I recently came across a box of 5.25 inch floppy disks that contain all of my college papers from the late 80s and early 90s. I’m old enough to have gone through college without email or internet, just missing it by a few years. Imagine having to actually walk to the computer lab to do an assignment and then print it out in order to turn it in to your professor, only to notice an error before you got to class. Was this the stone age?
Since I enjoyed writing in college, this was an exciting find for me. I don’t have any hard copies of my papers from those days and, unfortunately, I don’t have a 5.25 inch floppy drive. I’ve had dozens of computers in my days with all sorts of drives. I just don’t tend to hang on to any of them once they become obsolete. Lucky for me, there is RetroFloppy.com, a service for rescuing files from aging disks and converting them to modern formats.
Mike: How long have you been in operation and what inspired you to start the business?
David: RetroFloppy was officially registered as a business in 2006. I’ve been interested in computers since I was a kid (my first was a Commodore VIC-20, that’s vintage 1982 for whippersnappers here) and never stopped upgrading from there. I’ve collected more and more varied vintage machines over the years, and have spent a career’s worth of time working with every manner of computer from micro to mainframe. One fine day in 2006, a woman posted in an online computer forum that she had a Commodore 128 disk from her recently-deceased brother that she wanted to read. I knew I could help. The rest, as they say, is history.
Mike: What is the volume of orders that you receive? Is there a high demand for this sort of data transformation?
David: I would say it is steady and increasing. Understandably, things started out small at first at RetroFloppy – and we enjoyed 100% growth year over year for many years. Things are slowing down now as we’re hitting our stride, but there is a never-ending stream of people that abandon older technologies and wonder why they can’t read their prior generation of stuff. Apple taught us from their original Apple I computer: get on the upgrade treadmill, or die. And that’s fine, as long as you remember to bring your data with you. Technology in general will let you bring up what you had one generation prior. But two? Fuggedaboutit. That’s where RetroFloppy comes in. Human nature being what it is, we all move forward with technology – from floppies to Zips to Jaz to CDs to magneto-optical discs to hard drives to the cloud (cocktail party trivia: “the could” is the same as “someone else’s computer” in terms of computer storage). Folks forget to upgrade as they go, and RetroFloppy is here fill in the blanks. As long as people forget to upgrade, we’ll have work to do.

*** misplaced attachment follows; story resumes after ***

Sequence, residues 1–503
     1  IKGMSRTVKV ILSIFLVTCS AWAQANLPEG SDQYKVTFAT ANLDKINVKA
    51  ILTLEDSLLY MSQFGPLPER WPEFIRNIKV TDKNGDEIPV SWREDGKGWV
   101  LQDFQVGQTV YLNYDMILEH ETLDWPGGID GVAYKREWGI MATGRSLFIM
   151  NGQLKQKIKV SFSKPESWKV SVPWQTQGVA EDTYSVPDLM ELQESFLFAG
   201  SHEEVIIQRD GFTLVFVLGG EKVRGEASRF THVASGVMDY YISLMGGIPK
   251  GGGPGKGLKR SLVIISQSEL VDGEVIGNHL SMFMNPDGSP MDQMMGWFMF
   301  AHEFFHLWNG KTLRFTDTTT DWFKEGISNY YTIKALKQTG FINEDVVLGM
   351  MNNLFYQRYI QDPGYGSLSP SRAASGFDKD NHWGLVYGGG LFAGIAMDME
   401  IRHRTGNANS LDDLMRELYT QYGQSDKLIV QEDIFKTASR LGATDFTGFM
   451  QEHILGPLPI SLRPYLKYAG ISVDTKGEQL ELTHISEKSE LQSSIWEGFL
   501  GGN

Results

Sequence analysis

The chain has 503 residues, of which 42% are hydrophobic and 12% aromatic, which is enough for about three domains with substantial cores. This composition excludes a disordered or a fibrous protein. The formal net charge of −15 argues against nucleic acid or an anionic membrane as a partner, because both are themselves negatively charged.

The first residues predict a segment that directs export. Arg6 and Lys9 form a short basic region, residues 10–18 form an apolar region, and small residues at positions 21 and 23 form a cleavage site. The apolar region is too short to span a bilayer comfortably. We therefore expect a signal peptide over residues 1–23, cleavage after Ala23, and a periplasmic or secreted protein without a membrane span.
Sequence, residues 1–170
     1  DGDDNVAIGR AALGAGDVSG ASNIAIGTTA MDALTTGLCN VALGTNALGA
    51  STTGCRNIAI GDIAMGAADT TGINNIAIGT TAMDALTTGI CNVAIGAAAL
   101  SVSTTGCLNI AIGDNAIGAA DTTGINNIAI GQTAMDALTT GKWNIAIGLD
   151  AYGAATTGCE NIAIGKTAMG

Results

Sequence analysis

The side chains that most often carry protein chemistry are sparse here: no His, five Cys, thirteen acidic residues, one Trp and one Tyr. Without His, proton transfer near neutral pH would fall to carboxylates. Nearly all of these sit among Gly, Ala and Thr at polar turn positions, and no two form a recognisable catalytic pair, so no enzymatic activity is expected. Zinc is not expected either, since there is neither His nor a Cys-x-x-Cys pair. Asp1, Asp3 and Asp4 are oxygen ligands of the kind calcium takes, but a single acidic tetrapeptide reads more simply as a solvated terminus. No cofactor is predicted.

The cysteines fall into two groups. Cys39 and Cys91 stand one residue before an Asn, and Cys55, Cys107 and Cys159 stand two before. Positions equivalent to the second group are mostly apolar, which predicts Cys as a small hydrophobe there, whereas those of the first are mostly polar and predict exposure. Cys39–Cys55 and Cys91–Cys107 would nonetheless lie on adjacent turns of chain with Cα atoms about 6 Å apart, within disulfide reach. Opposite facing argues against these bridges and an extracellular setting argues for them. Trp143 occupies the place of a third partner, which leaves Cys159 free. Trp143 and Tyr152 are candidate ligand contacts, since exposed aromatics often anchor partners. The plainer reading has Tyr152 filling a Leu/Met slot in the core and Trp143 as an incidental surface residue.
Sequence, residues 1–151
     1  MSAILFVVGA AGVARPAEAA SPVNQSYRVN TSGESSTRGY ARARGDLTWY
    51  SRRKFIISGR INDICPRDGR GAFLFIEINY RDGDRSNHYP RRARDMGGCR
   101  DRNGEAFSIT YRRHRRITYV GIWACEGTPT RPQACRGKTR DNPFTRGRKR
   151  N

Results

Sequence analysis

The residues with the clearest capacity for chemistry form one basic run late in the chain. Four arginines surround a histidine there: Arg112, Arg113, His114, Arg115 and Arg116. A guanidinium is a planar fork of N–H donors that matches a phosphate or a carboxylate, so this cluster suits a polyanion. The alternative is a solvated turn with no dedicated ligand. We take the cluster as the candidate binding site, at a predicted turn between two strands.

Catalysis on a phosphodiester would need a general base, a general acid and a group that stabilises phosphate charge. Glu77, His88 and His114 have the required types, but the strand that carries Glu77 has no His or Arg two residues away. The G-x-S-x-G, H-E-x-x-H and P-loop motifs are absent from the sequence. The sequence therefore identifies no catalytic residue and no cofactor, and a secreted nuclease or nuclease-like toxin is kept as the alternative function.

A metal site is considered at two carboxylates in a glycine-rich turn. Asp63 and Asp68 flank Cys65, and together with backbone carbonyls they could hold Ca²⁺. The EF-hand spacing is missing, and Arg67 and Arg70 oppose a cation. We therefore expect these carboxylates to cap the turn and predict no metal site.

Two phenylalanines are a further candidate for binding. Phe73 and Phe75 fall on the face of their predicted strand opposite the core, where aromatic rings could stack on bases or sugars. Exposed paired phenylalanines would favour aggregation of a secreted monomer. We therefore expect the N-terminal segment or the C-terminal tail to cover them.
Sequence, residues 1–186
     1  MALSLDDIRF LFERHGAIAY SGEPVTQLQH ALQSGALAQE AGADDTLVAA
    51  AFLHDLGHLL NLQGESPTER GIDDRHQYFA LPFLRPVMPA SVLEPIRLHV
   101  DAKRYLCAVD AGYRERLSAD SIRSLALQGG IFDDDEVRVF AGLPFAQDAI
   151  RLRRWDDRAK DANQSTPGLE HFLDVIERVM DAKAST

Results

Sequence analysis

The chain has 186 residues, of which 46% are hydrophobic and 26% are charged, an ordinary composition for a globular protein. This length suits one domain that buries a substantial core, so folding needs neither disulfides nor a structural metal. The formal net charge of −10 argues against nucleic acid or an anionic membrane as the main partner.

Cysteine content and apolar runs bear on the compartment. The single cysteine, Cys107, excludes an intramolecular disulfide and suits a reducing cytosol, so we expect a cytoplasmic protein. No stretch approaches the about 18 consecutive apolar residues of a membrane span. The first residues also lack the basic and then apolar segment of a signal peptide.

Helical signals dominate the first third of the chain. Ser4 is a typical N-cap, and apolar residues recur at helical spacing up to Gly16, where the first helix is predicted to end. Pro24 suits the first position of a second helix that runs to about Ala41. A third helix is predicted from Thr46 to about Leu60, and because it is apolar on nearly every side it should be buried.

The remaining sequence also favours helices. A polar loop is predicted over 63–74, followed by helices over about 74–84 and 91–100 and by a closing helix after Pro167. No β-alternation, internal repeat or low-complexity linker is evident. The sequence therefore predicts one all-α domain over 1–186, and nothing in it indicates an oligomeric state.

Mike: RetroFloppy.com is a solid brandable domain name that you selected. Did you try other names before choosing this? What has served you well about the domain name?
David: Back when we were starting out, even then, we thought “all the good domain names are taken.” We wanted to have a domain name that conveyed meaning, and wouldn’t sound outdated 10 years hence. Imagine how ridiculous words like “cyberspace” sound now, or how ridiculous “metaverse” will sound in 2 years. It’s hard to predict trends, but going with the current trend is always a mistake. Pick something that is meaningful to your online presence, and you won’t go wrong. Yes, “coke.com” is taken. But “eBay.com”? What does that even mean? Sometimes you can create your own niche if it’s compelling enough.
Mike: Aside from 5.25 inch discs like I have, what are other popular retro formats that you deal with?